So what kind of book are you reading on holiday this summer? A murder-mystery perhaps? Or a heart-warming romance? How about nearly 600 pages on the cultural history of Russia? It perhaps isn’t the first thing that springs to mind but if you haven’t packed your suitcase yet, I’d recommend adding a copy of Natasha’s Dance by Orlando Figes. I took it on my holiday and it actually turned out to be something of a page-turner – very readable, engaging and interesting.
The book covers the history of Russia from the founding of St Petersburg in 1703 through to the early 1970s, and as it does so Figes explains how Russian art in almost every conceivable form – literature, classical music, fine arts, opera, ballet and even film – developed within its historical context. Figes ability to weave these two things together – the history and the culture – is where the true genius of the book lies. Figes uses the history to provide insight into the culture, and very much uses the arts to add colour and interest to the history. For example he illustrates the devotion of a group of women who followed their husbands into Siberian exile (following the failed Decembrist revolution in 1825) with this section of the poem Natalia Dolgorukaya by Ryleev:
I have forgotten my native city,
Wealth, honours and family name
To share with him Siberia’s cold
And endure the inconstancy of fate.
And he uses Anna Akhmatova’s poem, Requiem to illustrate the horror of the Stalin-era:
This was when the ones who smiled
Were the dead, glad to be at rest.
You might suspect that a book that is so broad in scope might focus on the big issues – wars and rulers etc, but one of the things about the book that makes it so readable is that it takes the time to focus on everyday life – marriage ceremonies for example and attitudes to bringing up children. Take for example this account of a peasant woman’s arranged marriage from Pushkin’s Eugene Onegin:
And I was just thirteen that year.
The marriage maker kept on calling
For two whole weeks to see my kin,
Till father blessed me and gave in.
Or Tolstoy’s account from Anna Karenina of how noble families insisted their children spoke French instead of Russian:
“What is it Tanya?” she said in French to the little girl who had come in. “Where’s my spade, Mama?”
“I am speaking French , and you must answer in French”. The little girl tried to, but she could not remember the French for spade.”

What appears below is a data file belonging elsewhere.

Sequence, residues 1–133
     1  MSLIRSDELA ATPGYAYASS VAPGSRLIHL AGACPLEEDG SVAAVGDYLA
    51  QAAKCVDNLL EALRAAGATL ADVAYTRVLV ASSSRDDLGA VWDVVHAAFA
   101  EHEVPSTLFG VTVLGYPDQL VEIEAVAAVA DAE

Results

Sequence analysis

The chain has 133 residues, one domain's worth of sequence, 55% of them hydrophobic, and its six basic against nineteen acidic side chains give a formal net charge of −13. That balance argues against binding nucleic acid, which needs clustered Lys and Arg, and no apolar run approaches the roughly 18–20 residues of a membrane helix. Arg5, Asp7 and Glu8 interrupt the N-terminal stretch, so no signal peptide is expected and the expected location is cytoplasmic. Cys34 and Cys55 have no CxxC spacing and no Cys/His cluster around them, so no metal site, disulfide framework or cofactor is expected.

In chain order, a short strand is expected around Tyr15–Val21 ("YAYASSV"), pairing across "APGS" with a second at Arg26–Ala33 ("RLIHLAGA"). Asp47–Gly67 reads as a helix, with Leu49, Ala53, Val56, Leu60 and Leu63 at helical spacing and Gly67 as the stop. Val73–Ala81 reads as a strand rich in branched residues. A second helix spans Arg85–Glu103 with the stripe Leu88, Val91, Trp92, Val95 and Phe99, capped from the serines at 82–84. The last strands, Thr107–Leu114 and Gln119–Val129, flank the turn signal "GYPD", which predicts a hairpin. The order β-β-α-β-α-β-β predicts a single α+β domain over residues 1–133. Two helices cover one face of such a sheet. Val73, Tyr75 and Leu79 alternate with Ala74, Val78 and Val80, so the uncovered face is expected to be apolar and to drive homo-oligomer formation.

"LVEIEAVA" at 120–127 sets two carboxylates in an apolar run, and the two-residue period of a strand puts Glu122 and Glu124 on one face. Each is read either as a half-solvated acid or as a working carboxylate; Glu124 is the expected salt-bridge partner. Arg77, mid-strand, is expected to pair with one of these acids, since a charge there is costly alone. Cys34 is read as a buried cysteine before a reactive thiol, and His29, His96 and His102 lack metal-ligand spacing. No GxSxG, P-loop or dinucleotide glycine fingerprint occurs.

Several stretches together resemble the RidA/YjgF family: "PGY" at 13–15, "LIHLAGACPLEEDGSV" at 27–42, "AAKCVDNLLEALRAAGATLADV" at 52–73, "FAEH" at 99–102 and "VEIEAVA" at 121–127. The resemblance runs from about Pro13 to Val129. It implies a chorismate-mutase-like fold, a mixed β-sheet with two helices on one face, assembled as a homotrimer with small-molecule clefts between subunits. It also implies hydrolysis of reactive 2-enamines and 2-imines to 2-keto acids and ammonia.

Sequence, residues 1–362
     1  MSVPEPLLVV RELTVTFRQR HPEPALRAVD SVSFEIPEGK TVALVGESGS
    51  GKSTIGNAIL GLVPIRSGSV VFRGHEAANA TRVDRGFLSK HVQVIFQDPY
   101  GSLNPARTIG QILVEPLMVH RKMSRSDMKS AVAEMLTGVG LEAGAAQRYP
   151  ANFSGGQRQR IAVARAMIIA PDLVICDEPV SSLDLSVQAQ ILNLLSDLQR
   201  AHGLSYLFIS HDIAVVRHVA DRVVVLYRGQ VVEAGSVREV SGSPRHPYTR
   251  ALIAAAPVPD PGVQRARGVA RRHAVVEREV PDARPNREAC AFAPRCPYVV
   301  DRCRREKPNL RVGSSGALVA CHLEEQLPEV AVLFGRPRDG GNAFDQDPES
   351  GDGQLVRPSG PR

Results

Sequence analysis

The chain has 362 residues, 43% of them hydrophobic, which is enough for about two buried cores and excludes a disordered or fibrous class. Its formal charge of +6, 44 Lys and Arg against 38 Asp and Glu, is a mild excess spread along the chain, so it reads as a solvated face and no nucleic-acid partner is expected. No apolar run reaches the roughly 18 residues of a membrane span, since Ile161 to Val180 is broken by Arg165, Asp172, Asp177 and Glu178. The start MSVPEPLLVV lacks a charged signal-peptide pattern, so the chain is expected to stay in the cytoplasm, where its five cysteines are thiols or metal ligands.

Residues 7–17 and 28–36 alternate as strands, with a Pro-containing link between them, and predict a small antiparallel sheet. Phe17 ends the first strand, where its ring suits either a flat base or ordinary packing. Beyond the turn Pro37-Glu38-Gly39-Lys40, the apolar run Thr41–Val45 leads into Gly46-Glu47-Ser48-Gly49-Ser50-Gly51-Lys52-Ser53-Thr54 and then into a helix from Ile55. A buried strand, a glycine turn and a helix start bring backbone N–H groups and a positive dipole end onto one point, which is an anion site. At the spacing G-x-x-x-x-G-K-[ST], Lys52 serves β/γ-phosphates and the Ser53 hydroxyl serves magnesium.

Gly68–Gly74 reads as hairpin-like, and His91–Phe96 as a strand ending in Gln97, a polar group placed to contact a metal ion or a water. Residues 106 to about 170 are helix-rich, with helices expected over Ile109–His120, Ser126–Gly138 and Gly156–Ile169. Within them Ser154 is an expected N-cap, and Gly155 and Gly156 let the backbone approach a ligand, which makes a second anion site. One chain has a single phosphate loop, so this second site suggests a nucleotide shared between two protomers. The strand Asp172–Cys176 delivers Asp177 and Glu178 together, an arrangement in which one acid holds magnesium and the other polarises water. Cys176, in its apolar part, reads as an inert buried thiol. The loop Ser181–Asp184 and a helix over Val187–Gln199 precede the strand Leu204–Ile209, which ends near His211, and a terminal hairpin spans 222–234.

But the history isn’t just illustrated by literary accounts, the book includes over twenty colour pictures of works by painters, along with photographs and even a drawing of a set design for an opera – all of which help to bring the book alive. I also found myself wondering if there was an audio version of the book with the relevant music as I found myself downloading clips of Musorgsky and Prokofiev concerts so I could understand more clearly the points about the development of Russian music.
Some of the most memorable passages of the book are personal stories of the artists and the times they lived in. Tolstoy, for example, desperately wanted to live like a peasant (peasants were seen as guardians of the true Russian culture) and sometimes spent all day working in the fields but then would come home and dress for dinner served by waiters in white gloves! Stories from the Stalin-era are much sadder. I felt the heartache of Boris Pasternak who was Stalin’s favourite poet. Being favoured meant he escaped the hardships of the time but sadly couldn’t escape his own guilt at being unable to help those who were suffering. The story of Stravinsky’s return to Russia in 1962 (much of it told through the eyes of his assistant, Robert Craft) is a particularly moving account of an exile’s return full of lots of wonderful detail, from his reaction to seeing the Marinsky Theatre again, to how easily he slipped into speaking a Russian full of childhood phrases and expressions.
Happily for me, Figes (who is a Professor of History at Birkbeck College, University of London) doesn’t assume his readers have any prior knowledge of Russian history so the book served both as a useful introduction to the history of the country and to its culture. The only section where I could have done with a little more historical detail was the aftermath of the 1917 revolution as for some reason Figes rattled through that quite quickly. I can only assume that’s because one of his previous books is focused on the revolution and he didn’t want to repeat himself – or perhaps, more cynically, he’s hoping you might go and buy that book too?!
Actually I might well read more of his books – he has written several about Russia – because he writes very well with an easy-to-read, engaging style. After having read Natasha’s Dance I now also have a whole list of art galleries I want to visit, books to read, and I definitely plan to make more time to go to classical music concerts while I am here.